televisions

LG 32LG40 LCD HDTV Review

32 in.

The 32LG40 is a 32-inch set with a basic feature set and a built-in DVD player.

Our editors review and recommend products to help you buy the stuff you need. If you make a purchase by clicking one of our links, we may earn a small share of the revenue. Our picks and opinions are independent from any business incentives.

Conclusion & Comparisons

Conclusion
{{article.attachments['LG-32LG40-intro.jpg']}} The 32LG40 is a 32-inch set with a basic feature set and a built-in DVD player. It doesn't have many of the advanced features we typically see on higher-end TVs, like networking, or USB support, but the DVD drive does let the TV play back movies, music and photos. In terms of performance, the 32LG40 was unimpressive. We saw issues with  black level, which ended up hurting its contrast ratio. The screen was uniform, but the TVs greyscale gamma was a bit off, especially with its lack of differentiation between the lower blacks. This is not a good TV for watching dark movies. The 32LG40 doesn't have the best color representation, but it didn't do terribly either. The main issue was that the blues didn't entirely drop off. This means that blacks will always have some blue in them, although the effect isn't terrible noticeable. Motion blurring was an issue. It also suffered from some artifacting issues, most commonly seen as a shuddering effect when it tried to move shapes that involved alternating lines. We were happy with the 32LG40's viewing angle. Typically LCDs do poorly on this test, with total viewing angles around 60º or even less. The 32LG40 managed a very respectable 110º. Like many entry-level HDTVs the 32LG40 had some significant problems. Thankfully it can be found for less than the list price of $850, so if you can find a really good deal on the HDTV it might not be a bad pickup, just know that you're getting a television that won't provide the best picture in the world. It might be a good fit for a student living in a dorm who wants to save space with a built-in DVD player. That said there are other HDTVs that are better value propositions, even taking the built-in DVD player into account. For example the Samsung LN32A450 is another 32-inch HDTV that performed significantly better than the 32LG40 in almost all areas and can be found for significantly less than the 32LG40's $850 list price.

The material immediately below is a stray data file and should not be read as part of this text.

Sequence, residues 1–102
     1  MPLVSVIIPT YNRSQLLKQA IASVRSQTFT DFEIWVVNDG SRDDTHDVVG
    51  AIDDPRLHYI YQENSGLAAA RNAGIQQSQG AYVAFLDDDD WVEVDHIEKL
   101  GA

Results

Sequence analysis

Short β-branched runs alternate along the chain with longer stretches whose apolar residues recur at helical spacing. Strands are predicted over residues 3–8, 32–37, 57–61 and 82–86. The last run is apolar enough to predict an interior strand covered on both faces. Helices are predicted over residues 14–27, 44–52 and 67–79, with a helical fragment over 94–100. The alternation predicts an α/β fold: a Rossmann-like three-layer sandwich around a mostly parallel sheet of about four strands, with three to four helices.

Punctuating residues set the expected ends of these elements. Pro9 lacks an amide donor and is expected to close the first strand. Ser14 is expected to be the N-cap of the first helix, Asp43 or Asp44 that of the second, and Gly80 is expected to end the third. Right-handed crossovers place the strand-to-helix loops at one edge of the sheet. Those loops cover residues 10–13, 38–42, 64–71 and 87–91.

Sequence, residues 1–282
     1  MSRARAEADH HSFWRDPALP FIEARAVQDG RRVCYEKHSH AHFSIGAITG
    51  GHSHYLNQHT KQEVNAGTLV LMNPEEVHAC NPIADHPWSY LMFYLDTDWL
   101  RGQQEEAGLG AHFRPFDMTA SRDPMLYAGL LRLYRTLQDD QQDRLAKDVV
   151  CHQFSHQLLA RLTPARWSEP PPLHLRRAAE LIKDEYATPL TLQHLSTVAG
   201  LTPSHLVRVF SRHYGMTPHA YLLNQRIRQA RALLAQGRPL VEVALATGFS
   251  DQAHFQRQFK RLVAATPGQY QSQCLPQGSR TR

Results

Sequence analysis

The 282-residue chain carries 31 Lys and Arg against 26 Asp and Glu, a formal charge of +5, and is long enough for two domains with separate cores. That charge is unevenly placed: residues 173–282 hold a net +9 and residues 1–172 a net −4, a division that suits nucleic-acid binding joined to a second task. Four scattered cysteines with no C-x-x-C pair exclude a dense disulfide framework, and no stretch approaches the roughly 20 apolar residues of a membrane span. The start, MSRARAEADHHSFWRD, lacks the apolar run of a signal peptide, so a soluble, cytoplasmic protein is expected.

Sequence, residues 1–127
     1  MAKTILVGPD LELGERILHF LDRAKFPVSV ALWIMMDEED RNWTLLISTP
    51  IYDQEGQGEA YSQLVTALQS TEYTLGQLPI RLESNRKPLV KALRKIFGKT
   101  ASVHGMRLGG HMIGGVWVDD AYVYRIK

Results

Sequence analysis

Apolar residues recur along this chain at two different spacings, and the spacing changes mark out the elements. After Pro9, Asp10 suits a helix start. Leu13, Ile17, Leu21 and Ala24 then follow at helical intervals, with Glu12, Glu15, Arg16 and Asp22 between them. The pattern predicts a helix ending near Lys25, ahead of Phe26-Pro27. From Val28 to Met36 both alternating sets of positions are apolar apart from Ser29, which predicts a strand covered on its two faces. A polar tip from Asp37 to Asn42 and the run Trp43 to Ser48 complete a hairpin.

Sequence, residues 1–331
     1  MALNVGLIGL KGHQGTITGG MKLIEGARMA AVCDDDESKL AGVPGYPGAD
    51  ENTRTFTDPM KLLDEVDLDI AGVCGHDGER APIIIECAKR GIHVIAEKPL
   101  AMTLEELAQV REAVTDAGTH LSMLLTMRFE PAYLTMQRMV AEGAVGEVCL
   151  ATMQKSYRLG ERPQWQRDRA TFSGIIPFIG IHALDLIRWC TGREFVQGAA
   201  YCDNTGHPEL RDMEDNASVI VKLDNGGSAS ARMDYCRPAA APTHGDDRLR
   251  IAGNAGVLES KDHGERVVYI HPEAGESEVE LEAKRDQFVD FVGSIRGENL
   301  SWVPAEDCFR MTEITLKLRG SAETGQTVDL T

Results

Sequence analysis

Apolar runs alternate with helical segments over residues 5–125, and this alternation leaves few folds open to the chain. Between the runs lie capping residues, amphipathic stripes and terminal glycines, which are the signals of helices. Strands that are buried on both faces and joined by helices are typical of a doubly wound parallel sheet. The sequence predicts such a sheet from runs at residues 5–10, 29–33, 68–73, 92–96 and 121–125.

Comparisons
{{article.attachments['samsung_ln32a450_intro.jpg']}}

Versus Samsung LN32A450

This match-up is a tough one for the 32LG40. The Samsung LN32A450 was capable of a significantly lower black level and brightness, both of which helped give it a much better contrast ratio. The Samsung also had better color representation. Both TVs had about the same motion issues, but the LG had far less artifacting present. Where the tide starts turning in the 32LG40's favor is on viewing angle: it's capable of a significantly wider angle than the LN32A450. The LG's screen also has far better uniformity than the Samsung's.

The Samsung LN32A450 is less expensive and has better overall picture quality, but is has a significantly inferior viewing angle and a less uniform screen. Despite its shortcomings, we'd side with the LN32A450 on this pairing; just buy a DVD player separately.
{{article.attachments['jvc_lt-32p679_intro.jpg']}}

Versus JVC LT-32P679

In this match-up, the LG 32LG40 is the better overall TV, but not by a huge margin. As with the above comparison, the JVC LT-32P679 has the better black level and better contrast ratio. The 32LG40 had a much, much better greyscale gamma, however, and tended to handle colors better. The 32LG40 also had a much wider viewing angle.

This match-up comes down to cost versus capability. The 32LG40 has better overall video quality, a better viewing angle, and a DVD player but costs a bit more.
{{article.attachments['vizio_sv470xvt_intro.jpg']}}

Versus Vizio SV470XVT

The Vizio SV470XVT beat the 32LG40 pretty soundly on almost all our tests. It actually didn't trouce on the black level test: it performed just as poorly as the 32LG40. It was capable of more brightness, however, and had a significantly better contrast. It also handled colors far better than the 32LG40.

The main snag with the Vizio is that it costs significantly more: $1400 versus $850. The improvement in quality is there, but whether or not it's worth the extra $550 is debateable.

 

{{article.attachments['tvi-prev.jpg']}} Power Consumption Page 14 of 16 Series Comparison {{article.attachments['tvi-next.jpg']}}
Our editors review and recommend products to help you buy the stuff you need. If you make a purchase by clicking one of our links, we may earn a small share of the revenue. Our picks and opinions are independent from any business incentives.

Sections

  1. Tour & Design
  2. Calibration
  3. Blacks & Whites
  4. Color Accuracy
  5. Motion
  6. Viewing Effects
  7. Remote Control
  8. Audio
  9. Connectivity
  10. Menus & Interface
  11. Formats & Media
  12. Power Consumption
  13. Conclusion & Comparisons
  14. Series Comparison
Our editors review and recommend products to help you buy the stuff you need. If you make a purchase by clicking one of our links, we may earn a small share of the revenue. Our picks and opinions are independent from any business incentives.
Advertisement - Continue Reading Below
Our editors review and recommend products to help you buy the stuff you need. If you make a purchase by clicking one of our links, we may earn a small share of the revenue. Our picks and opinions are independent from any business incentives.
Advertisement - Continue Reading Below
Advertisement - Continue Reading Below
Advertisement - Continue Reading Below
Advertisement - Continue Reading Below
Advertisement - Continue Reading Below

What's Your Take?

All Comments